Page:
I am currently editing my manuscript for the first book in The Haven series (More), and it has been quite an interesting journey. I love the editing process. I love to take the ideas I’ve come up with and rework and rework until the words fit exactly what my characters are doing and thinking and feeling. I’ve made a lot of the basic changes already (removing passive voice, punching up the verbs and descriptions, fixing typos, etc.), but I worry about the plot and character development. How do I know if the work creates the dramatic build-up that I am looking for? How do I know if the passion, tension, and emotions translate as I planned?
With rereading comes redundancy. The difficult part of writing (for me) is the work is never fresh after the first draft. I will never read it from a new “reader’s” perspective. Even if I put the manuscript down for a few weeks or months. It will never be a story and characters that I uncover for the first time. After I am happy with the plot, I consider the first draft complete. Once that is set, I will always know where the story is going and what will happen (unless my muse decides to slash the first draft into bits and pieces and come up with something new).
So how does a writer figure out if the wording, the character development, or the flow of the plot is working from a new reader’s perspective?
Have someone else read it, of course.
I can edit and edit until my heart’s content, making grammatical changes, editing out passive writing, removing redundancies, but I will never know if the story works and creates enough drama for first time readers without letting someone else read it.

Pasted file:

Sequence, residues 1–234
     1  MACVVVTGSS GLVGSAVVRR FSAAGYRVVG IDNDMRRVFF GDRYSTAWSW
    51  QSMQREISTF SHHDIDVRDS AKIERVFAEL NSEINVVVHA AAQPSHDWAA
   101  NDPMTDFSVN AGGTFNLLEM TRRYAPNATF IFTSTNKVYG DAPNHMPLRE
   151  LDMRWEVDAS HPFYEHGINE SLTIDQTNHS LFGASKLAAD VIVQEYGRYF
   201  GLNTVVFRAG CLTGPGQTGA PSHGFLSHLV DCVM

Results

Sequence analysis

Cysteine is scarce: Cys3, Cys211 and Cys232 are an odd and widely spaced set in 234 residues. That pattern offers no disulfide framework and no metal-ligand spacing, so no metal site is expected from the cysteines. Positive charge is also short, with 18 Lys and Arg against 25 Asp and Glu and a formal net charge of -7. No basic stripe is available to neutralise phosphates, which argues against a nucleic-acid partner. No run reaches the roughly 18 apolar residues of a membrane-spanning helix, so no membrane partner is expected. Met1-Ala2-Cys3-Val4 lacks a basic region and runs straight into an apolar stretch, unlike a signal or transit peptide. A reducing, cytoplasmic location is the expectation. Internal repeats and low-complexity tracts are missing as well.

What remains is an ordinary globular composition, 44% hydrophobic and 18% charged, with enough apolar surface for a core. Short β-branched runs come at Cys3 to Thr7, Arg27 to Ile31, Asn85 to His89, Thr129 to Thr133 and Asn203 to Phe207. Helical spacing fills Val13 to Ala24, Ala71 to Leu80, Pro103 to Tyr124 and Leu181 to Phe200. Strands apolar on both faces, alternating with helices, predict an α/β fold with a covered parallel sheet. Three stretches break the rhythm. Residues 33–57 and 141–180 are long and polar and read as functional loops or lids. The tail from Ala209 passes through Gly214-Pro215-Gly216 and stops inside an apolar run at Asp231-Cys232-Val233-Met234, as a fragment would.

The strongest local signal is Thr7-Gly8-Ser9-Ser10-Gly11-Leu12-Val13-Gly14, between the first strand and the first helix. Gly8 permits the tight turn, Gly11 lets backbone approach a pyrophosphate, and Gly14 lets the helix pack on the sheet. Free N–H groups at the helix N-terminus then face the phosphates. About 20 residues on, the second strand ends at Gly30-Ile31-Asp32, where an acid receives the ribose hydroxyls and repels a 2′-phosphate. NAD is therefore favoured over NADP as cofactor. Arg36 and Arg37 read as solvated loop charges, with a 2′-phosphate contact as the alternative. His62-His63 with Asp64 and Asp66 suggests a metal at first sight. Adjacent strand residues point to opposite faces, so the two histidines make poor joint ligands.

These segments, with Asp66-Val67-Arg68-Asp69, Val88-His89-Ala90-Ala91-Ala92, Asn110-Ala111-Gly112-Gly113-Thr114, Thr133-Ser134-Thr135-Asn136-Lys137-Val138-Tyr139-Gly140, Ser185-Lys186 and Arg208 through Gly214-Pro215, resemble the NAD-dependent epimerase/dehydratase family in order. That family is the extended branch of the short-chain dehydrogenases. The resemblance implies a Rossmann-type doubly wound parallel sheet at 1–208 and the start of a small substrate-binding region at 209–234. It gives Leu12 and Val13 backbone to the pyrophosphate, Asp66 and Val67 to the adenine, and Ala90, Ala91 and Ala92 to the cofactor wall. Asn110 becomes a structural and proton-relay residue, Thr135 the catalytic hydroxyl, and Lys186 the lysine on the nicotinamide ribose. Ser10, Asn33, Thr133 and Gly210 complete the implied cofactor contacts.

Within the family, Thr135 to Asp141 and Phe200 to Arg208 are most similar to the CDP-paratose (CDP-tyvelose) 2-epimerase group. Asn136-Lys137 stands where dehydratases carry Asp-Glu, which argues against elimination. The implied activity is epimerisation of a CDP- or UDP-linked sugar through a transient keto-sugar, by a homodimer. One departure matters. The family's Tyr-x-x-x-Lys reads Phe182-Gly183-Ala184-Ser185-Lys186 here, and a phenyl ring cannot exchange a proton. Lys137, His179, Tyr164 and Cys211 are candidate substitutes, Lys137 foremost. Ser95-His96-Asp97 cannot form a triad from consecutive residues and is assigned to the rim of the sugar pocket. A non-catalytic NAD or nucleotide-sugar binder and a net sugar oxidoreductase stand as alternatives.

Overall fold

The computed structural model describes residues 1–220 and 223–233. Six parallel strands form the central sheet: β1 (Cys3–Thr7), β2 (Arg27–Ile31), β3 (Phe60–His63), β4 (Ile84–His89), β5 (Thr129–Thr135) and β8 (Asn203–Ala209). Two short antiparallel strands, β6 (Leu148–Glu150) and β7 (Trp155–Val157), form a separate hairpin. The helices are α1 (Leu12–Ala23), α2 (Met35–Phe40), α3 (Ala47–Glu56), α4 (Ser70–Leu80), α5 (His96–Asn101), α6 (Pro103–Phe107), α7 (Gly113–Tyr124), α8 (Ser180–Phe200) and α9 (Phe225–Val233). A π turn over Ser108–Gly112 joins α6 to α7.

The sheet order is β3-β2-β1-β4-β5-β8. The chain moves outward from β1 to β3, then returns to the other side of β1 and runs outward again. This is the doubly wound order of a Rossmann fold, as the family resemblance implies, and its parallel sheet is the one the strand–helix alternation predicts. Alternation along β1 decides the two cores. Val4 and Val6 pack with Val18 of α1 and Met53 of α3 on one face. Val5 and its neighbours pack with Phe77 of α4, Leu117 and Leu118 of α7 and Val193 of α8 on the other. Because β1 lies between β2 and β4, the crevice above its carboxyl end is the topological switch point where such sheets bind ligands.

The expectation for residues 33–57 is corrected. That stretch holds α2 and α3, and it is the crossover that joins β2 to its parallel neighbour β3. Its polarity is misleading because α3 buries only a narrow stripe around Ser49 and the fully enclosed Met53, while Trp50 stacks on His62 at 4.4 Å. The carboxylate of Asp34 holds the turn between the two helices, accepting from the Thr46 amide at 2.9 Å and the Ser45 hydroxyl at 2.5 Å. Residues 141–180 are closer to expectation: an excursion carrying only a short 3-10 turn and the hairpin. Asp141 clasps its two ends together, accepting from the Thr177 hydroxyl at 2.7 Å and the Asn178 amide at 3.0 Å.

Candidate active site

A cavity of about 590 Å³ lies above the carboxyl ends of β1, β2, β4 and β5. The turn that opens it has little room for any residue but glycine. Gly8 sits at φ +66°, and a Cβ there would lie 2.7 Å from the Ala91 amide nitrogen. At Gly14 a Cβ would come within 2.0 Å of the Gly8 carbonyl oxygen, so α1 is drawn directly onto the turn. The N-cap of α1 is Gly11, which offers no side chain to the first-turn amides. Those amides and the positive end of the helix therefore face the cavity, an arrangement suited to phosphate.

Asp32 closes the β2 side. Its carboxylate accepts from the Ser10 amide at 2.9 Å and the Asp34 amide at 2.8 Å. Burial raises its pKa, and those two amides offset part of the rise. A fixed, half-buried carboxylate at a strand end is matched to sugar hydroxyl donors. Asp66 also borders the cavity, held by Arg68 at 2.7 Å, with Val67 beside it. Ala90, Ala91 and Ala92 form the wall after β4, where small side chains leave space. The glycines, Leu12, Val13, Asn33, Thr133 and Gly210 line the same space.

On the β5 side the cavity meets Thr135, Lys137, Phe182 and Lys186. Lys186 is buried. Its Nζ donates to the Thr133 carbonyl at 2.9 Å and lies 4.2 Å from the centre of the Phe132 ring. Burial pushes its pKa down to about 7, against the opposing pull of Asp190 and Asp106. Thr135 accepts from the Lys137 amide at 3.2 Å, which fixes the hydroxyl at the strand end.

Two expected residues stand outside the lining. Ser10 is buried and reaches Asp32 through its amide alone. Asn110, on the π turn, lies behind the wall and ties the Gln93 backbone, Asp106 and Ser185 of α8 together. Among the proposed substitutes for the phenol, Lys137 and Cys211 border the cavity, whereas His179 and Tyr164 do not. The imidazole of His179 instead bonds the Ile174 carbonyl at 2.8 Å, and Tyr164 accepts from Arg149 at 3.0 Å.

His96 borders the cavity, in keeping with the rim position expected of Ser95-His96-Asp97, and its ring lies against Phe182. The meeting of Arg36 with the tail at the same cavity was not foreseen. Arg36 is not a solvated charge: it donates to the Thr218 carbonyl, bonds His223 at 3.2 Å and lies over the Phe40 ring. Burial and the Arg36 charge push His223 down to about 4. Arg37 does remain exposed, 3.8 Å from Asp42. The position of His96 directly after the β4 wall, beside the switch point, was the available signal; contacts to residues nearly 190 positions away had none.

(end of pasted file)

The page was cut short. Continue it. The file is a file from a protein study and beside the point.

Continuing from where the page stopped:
And that’s the hard part for some people: giving their work to peers/reviewers. You are putting yourself out there to be critiqued and that can be hard to take. It is important, though, to have fresh eyes look over your work before you ever think of sending it to a publisher/editor. You need to know the reactions and opinions of others to know if the work will be interpreted as you intended it to be. You can love your own story all you want, but if no one else “gets it” then no one will probably want to buy it.
When I give my writing to someone else, I ask them to mark the manuscript with a red pen so that I know reactions/questions/comments and when he/she took note of those. Here are some instructions I pass along to my reviewers:
- Don’t consciously look for errors, but do mark any you notice. (I want them to be reading for the story at this point, not editing for errors. But if they do find them, this will tell me those errors were glaring enough that they pulled the reader out of the story.)
- Write down what questions you have as you read it, including questions about where the plot is going, anything you don’t understand, a character that you can’t remember from earlier in the story, etc. (This will help me see if they are asking the questions I want them to be asking or if I need to clarify something I thought the reader should understand.)
- Write down any predictions about plot lines, conclusions, character development. (These “guesses” will help me see what the reader is expecting…sometimes they’ll be right on and sometimes they won’t. I believe fiction should include a mix of both. The story can’t be so off that it doesn’t make sense, but it also should leave the readers with important surprises.)
- Mark the points at which you put down the story and mark why you did, even if this is because you had to do the laundry or go to sleep. (This helps me understand at which point the story became dull or slow enough for the reader to take a break. Maybe it was a point I thought was full of suspense–which would clue me into the fact that I need to rewrite it.)
- Mark at which point you realized you found a particular character likeable and add a short reason why. (This helps me see what character development pieces help to create likeable characters.)
This process has helped me to fix some miscommunications that I didn’t even know existed. Sometimes, word choices that make sense in my head, don’t always translate to the page as well as I thought.